Thirty more minutes went by and no John Aprea. Finally, we were finished. When I re-called the Another World studios (by now I felt like I was IN another world), my nerves were ready to snap. John had yet to call home again for further directions. The rest of the folks left while my partner and I waited for him.
He finally walked off the elevator into the lobby looking tired, frustrated and more than a little embarrassed. He also looked so much more handsome than he did on screen. His eyelashes were black, beautiful, and soooo long. I gave him the lowdown and assured him that if he was still willing, the show would go on.
The next day we went to a Guiding Light bowling event to benefit the charity, International Guiding Eyes. Jean Carol, the actress who played the character of "Nadine," was the group's spokesperson. Fans paid to either bowl witih the Guiding Light stars, or just watch them play. Jean was, of course, there, along with Amelia Marshall ("Gilly Grant"), Carey Cromelin ("Wanda Hiat"), Gil Rogers, and Jordan Clarke ("Billy Lewis").
Then, finally, it was THE evening. Our evening. My partner and I barely managed to return to our hotel after the bowling event before we found ourselves at the art gallery that was hosting our reading. We set up the room and, as actors came in, we fixed them margaritas (recommended to read Margarita Madness, our play), or sodas, whichever they preferred.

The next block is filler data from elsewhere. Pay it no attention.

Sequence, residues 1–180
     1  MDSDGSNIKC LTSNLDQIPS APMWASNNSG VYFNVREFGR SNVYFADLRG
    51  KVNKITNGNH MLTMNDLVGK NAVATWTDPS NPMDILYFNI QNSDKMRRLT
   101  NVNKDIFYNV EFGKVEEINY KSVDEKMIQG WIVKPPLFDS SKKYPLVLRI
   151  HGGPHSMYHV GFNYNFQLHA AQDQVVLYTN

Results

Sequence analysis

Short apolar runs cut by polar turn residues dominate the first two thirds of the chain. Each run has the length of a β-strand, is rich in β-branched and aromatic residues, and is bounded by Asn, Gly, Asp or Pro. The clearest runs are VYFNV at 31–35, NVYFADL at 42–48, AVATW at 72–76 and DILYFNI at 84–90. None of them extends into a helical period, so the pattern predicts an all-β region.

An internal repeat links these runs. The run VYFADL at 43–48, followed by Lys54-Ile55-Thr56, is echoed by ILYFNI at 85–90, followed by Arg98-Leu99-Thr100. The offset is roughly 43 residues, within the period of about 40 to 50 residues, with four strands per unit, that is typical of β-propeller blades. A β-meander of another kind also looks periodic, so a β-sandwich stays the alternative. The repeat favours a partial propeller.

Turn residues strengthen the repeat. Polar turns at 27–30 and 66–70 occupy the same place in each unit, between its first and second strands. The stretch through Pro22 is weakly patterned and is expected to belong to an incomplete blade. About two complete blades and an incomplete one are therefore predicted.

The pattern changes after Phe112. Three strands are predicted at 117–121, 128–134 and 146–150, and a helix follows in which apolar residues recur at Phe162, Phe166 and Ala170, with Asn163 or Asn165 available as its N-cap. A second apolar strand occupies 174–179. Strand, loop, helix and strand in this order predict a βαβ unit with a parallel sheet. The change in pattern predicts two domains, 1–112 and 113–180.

John Aprea was there, early, with his lovely wife, as was Gary Rifkin, Gil Rogers -- who showed up with props -- and Bill Timoney. Jean Carol and her boyfriend, rocord producer/actor Gerry Rand, were in rare form, kidding around and assuring us they were ready. Suzi Cote, "Samantha Marler" on Guiding Light, came in dressed in a beautiful suit and as adorable in person as on screen. Amelia Marshall arrived looking bright and ready for anything.
Carey Cromelin, a personal friend, breezed through the door, seemingly afraid that I might hit her over the head with a margarita because she was a bit late. Didn't want to waste a perfectly good margarita! I wasn't angry. Carey was there, everyone was there, in their places. All had shown up exactly as they'd promised they would. What more could I have asked for?!